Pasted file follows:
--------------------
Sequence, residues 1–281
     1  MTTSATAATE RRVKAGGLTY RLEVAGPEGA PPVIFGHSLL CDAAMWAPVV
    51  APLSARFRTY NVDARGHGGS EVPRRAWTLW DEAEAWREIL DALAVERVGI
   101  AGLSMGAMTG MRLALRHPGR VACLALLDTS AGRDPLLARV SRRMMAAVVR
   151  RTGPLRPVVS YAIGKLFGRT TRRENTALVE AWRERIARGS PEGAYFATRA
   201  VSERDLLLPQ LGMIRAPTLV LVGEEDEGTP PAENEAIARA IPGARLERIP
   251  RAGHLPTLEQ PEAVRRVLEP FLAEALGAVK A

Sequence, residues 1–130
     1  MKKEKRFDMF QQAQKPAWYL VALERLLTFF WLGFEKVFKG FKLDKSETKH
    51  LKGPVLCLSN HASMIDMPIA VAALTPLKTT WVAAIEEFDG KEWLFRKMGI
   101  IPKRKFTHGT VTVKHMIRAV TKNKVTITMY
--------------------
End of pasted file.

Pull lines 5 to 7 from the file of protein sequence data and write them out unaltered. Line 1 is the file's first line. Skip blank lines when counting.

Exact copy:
   151  RTGPLRPVVS YAIGKLFGRT TRRENTALVE AWRERIARGS PEGAYFATRA
   201  VSERDLLLPQ LGMIRAPTLV LVGEEDEGTP PAENEAIARA IPGARLERIP
   251  RAGHLPTLEQ PEAVRRVLEP FLAEALGAVK A